Resolution Foundation

Income outcomes

Assessing income gaps between places across the UK

There is a widespread view in the UK today that differences in living standards between places are large and enduring. The public cares very much about this issue: more than six-in-ten (61 per cent) people say that the gaps between areas are one of the most concerning types of inequality the country faces. In addition, spatial disparities loom large in politics, with the Government firmly committed to ‘levelling up’ opportunities between different areas. But why are place-based differences of such acute concern, especially when on some key measures the gaps between areas have actually reduced over time?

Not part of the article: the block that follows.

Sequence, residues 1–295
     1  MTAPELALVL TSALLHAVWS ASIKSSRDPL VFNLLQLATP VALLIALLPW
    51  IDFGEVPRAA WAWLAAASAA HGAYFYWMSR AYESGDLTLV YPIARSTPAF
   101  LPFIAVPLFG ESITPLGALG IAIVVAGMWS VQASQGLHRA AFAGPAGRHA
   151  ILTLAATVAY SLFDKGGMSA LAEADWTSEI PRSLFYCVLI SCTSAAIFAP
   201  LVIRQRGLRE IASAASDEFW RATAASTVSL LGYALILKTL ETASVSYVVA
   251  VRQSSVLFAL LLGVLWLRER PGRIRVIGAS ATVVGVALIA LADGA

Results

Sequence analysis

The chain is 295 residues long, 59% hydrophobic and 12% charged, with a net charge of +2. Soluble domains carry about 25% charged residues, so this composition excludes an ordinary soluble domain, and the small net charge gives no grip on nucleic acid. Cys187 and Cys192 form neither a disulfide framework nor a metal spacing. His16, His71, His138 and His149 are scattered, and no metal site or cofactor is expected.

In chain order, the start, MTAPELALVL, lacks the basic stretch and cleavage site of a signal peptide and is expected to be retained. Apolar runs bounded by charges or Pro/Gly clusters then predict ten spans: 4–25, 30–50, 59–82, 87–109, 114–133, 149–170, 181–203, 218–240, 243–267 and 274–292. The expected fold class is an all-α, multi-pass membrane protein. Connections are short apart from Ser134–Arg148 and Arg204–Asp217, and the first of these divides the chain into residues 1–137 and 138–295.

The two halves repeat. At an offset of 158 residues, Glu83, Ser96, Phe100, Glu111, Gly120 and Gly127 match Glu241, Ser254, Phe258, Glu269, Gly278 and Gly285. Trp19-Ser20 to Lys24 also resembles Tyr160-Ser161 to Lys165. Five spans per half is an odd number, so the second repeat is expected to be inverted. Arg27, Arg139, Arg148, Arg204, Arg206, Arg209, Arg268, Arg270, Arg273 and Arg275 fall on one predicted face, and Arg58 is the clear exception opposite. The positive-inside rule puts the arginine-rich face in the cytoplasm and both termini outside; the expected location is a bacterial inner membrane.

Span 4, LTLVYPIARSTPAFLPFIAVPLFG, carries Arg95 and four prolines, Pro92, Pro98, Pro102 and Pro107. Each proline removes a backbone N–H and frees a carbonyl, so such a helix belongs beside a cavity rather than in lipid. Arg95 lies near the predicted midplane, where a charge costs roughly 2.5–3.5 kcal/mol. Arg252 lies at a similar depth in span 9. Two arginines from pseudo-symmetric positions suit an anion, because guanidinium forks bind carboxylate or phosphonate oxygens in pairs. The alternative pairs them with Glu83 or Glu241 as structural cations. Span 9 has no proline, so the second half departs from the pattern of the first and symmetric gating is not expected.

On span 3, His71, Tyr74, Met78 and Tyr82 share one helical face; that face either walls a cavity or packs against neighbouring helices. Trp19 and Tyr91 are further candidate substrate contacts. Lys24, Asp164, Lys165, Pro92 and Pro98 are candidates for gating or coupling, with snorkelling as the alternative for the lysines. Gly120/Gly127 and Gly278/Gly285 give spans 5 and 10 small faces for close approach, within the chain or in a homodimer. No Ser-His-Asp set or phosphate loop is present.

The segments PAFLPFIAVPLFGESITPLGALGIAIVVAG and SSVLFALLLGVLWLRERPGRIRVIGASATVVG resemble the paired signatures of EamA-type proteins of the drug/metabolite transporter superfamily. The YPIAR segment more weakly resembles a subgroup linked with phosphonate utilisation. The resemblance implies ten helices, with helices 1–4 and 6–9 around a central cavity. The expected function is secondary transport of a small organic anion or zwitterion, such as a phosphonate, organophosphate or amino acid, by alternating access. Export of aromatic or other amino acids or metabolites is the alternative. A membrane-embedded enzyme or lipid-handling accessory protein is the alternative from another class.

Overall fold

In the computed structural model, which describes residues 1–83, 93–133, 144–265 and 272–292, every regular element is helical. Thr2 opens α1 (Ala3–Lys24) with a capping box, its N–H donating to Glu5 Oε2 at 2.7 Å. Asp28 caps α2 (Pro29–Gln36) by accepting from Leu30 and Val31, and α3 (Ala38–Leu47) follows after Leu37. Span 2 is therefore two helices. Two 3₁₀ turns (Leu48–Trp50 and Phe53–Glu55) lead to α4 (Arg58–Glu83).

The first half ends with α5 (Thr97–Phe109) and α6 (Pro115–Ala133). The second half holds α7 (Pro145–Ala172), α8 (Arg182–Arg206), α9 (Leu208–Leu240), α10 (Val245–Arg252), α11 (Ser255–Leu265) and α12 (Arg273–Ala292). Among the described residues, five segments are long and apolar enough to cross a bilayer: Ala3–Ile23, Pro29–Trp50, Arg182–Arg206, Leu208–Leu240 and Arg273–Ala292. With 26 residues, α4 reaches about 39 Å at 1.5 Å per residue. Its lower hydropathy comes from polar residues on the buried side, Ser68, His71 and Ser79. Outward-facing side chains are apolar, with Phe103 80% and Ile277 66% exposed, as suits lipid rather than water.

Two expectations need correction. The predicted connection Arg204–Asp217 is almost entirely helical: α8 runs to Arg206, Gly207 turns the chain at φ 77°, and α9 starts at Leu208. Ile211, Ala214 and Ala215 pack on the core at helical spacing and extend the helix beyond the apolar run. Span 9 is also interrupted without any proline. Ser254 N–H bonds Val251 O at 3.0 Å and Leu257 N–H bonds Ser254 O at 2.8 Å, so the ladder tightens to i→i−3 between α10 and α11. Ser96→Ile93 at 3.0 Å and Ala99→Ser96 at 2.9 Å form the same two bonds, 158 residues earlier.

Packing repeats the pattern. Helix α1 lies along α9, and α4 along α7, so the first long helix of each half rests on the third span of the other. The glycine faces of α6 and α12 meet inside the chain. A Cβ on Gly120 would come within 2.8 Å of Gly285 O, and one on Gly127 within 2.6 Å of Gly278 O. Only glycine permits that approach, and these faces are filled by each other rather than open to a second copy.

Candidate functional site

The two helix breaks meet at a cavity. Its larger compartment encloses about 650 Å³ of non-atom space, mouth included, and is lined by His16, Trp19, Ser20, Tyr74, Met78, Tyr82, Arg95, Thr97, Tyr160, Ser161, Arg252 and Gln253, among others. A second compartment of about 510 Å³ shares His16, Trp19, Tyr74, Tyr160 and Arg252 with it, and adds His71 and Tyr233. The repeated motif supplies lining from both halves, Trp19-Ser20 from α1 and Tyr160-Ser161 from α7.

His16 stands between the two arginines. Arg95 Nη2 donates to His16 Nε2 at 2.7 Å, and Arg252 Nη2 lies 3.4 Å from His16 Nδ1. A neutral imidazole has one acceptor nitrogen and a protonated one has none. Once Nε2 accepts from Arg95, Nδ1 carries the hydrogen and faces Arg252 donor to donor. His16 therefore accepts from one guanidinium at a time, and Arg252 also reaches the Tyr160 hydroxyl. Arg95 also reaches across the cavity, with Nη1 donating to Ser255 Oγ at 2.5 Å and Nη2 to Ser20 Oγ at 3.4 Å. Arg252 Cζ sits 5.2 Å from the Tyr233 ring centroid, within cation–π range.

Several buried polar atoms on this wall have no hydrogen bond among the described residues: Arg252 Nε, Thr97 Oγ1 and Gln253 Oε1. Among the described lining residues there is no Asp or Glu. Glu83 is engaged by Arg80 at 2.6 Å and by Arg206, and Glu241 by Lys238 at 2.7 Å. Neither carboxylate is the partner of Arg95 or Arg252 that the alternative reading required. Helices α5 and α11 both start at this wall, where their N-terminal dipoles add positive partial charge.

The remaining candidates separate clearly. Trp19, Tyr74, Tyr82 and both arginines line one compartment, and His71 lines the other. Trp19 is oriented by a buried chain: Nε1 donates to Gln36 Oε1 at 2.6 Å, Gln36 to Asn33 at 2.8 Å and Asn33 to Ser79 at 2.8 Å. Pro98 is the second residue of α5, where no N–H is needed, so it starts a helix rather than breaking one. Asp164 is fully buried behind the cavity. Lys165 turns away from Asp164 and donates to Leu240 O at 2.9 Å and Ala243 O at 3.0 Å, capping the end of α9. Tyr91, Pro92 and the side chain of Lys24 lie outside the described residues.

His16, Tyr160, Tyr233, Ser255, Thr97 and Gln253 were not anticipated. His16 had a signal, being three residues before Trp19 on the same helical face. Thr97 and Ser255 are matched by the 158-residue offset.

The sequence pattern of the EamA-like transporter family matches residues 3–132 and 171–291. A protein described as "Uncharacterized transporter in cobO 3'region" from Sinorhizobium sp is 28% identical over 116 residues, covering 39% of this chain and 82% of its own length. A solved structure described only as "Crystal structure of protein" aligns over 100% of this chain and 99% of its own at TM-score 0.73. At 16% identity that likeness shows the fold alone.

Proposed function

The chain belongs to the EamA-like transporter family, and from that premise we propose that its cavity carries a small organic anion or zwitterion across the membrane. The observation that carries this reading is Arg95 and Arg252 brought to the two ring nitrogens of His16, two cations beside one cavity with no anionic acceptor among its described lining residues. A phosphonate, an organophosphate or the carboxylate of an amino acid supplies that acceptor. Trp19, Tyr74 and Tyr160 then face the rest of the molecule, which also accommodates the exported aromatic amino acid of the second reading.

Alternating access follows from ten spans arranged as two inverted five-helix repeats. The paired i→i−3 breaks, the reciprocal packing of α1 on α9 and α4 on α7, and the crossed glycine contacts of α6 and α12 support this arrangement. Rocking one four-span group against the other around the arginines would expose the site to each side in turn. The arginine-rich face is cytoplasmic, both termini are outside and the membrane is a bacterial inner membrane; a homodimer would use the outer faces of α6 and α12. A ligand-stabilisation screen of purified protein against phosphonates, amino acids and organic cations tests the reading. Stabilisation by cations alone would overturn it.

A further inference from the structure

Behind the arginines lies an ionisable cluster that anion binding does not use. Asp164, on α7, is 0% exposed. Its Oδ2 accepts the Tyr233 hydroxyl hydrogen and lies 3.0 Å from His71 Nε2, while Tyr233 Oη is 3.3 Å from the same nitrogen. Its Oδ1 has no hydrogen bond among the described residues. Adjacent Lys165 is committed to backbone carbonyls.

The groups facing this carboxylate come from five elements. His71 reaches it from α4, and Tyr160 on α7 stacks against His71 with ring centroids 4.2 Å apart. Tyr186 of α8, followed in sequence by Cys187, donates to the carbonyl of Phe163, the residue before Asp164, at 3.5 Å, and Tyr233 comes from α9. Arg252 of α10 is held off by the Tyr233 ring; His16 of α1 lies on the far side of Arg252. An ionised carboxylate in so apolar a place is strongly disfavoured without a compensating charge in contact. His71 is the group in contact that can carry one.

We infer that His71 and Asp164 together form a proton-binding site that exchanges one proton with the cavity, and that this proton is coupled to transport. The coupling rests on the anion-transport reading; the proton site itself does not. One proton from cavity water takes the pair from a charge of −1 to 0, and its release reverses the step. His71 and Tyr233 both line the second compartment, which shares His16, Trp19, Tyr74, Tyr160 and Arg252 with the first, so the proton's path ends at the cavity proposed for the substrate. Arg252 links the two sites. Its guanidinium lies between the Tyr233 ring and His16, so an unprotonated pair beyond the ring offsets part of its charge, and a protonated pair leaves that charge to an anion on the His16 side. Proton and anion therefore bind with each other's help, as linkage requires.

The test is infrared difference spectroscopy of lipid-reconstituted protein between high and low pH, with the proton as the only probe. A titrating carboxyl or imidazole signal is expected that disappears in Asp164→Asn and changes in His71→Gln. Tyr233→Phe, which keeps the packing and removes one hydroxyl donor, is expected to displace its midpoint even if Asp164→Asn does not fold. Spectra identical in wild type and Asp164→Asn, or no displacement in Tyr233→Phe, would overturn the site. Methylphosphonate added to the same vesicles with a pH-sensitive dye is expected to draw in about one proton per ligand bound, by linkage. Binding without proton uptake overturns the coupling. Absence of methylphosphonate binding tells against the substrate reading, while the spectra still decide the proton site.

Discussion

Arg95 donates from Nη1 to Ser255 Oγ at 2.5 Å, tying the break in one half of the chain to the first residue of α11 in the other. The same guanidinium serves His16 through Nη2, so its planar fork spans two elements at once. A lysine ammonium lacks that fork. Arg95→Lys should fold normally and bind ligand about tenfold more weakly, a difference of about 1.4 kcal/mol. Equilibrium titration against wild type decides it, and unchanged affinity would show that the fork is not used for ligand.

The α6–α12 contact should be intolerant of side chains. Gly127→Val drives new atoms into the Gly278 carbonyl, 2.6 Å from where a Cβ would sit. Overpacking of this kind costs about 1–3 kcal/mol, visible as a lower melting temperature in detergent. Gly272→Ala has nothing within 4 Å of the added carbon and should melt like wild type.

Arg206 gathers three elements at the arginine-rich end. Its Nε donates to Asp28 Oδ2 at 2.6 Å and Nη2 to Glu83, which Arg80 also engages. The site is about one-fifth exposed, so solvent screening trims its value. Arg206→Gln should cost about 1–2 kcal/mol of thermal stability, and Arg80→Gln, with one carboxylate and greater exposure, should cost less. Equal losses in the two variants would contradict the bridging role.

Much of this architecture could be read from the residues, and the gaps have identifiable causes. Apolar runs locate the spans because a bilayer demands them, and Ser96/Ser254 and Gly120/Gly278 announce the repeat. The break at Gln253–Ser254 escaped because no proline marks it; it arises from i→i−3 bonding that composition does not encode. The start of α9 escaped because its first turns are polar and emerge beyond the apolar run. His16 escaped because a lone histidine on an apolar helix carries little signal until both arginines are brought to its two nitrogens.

This briefing note uses a relatively under-exploited source of data to analyse how average incomes at the local authority level have changed since 1997. This allows us to look beyond variations across place in wages and salaries, to other sources of income; study the distribution of incomes at a lower level of geography than is often the case; and observe how incomes in different places have changed relative to each other over a period of more than 20 years. As a result, we present a more complete view of how incomes differ throughout the country than has been possible to date, vital as the Economy 2030 Inquiry seeks to answer the question: how can a new economic strategy address the spatial disparities that have beset the UK for so long?

Download the local authority incomes data used for the analysis in this report here.


For all research queries about this report, please contact Lindsay Judge. For press queries, please contact the Resolution Foundation press office.

Lindsay Judge
Research Director,
Resolution Foundation
Email Lindsay